Well, yesterday we went through the first two picks that Patrick Cox is teasing as his “7 breakthrough companies” that will bring us our next “printing press moment” and change the world (while inflating your wallet). If you want to catch up with the rest of the group, that article is here.
So let’s move on to the next five, shall we? We’ll do this rapid-fire style, partly because I have very little expertise in this sector … and partly because I want to have time to get through all of them for you.
“The third company I reveal in The Next Printing Press: Revolutionary Gains from 7 Tiny Breakthrough Companies just received the go-ahead from the FDA for Phase III tests of a colorectal cancer treatment.
“This company also focuses on diseases like liver cancer….
“This company’s drug targets a certain type of “receptors in cancer cells. It attacks the cancer via these special receptors, and shows promise to shut the cancer down….
“This hidden little company has research agreements with Mount Sinai School of Medicine to test their treatments.
“So while it only trades for a little over $1.00 a share today, this company is getting ready for the next step.
“The next step is more tests. More positive results. And hopefully a Merck-style run-up that makes the earliest investors richer than they ever dreamed.”
So, hoodat? Limited clues, I suppose — but the mighty, mighty Thinkolator is (you guessed it) mighty indeed … so that’s enough for us to tell you that this is very likely …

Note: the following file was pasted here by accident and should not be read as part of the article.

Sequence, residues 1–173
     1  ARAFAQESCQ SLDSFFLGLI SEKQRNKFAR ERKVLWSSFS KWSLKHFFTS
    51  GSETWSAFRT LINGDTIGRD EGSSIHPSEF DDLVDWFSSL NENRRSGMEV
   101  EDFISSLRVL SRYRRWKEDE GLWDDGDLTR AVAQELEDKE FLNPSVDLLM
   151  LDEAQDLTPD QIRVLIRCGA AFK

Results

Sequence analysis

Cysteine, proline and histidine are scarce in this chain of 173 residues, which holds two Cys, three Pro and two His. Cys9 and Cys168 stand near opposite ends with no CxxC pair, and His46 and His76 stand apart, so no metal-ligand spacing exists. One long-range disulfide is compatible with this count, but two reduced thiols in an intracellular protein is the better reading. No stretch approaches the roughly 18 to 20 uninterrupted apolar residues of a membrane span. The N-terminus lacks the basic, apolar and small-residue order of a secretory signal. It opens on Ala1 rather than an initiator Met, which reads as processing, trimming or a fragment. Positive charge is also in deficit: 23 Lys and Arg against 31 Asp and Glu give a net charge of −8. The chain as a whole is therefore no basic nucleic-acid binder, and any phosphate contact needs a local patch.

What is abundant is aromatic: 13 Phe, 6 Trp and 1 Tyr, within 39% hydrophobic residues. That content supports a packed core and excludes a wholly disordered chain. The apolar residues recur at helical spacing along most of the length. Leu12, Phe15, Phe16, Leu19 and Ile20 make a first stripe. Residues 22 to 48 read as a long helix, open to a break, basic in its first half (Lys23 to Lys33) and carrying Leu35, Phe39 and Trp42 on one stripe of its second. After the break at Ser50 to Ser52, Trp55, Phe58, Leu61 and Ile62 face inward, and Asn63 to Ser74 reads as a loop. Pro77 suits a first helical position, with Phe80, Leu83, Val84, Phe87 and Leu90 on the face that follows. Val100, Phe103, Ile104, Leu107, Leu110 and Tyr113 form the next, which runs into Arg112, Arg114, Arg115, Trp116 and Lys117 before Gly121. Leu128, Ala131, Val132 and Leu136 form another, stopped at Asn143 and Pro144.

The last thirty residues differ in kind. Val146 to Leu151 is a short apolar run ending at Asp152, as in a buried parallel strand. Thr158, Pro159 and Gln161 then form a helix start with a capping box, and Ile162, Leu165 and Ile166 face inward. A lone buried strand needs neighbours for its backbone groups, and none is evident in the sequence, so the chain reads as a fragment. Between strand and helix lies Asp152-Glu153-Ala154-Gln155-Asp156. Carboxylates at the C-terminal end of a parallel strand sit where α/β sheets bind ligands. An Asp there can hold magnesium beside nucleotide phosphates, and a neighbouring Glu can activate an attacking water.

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Pro-Pharmaceuticals (PRWP, trades over the counter)
PRWP has been over a buck for most of the year, after getting “positive feedback” on their phase III trial design from the FDA back on January 10. That drug is called Davanat, and that’s all I know about it other than the tidbit from the press release, which is that this is based on their platform of “Galectin targeting therapeutic compounds” (their liver cancer idea is also based on this, apparently, and that’s the one on which they’re collaborating with Mt. Sinai — preclinical, which means no human tests yet and many years from a potential product). Yeah, I don’t know what Galectins are, either.
So they have a go-ahead from the FDA, sort of — the way I read it, they basically got preapproval for their submission of the clinical trial protocol and folks seem to think that since they got this positive feedback the protocol will be approved when they officially submit it. I don’t know when that will be.
They say that they have enough cash to meet their operating obligations until mid-2012, about $8 million, though they will certainly need to raise more money by then (at least) and I’d be surprised if that cash on hand is enough to also get the phase III trial cooking, since Phase III trials tend to be large and long-lasting and cost a bucketload of cash — as with any little pharma stock like this (market cap well under $100 million), my assumption is that once some efficacy is proven to get the big drug companies excited, they’d partner the drug to get to the next stage of development, but I don’t know if that will be their specific strategy. And given their specific wording in the last report, I don’t know if paying for the Phase III trial is an “obligation” of the company before the middle of next year.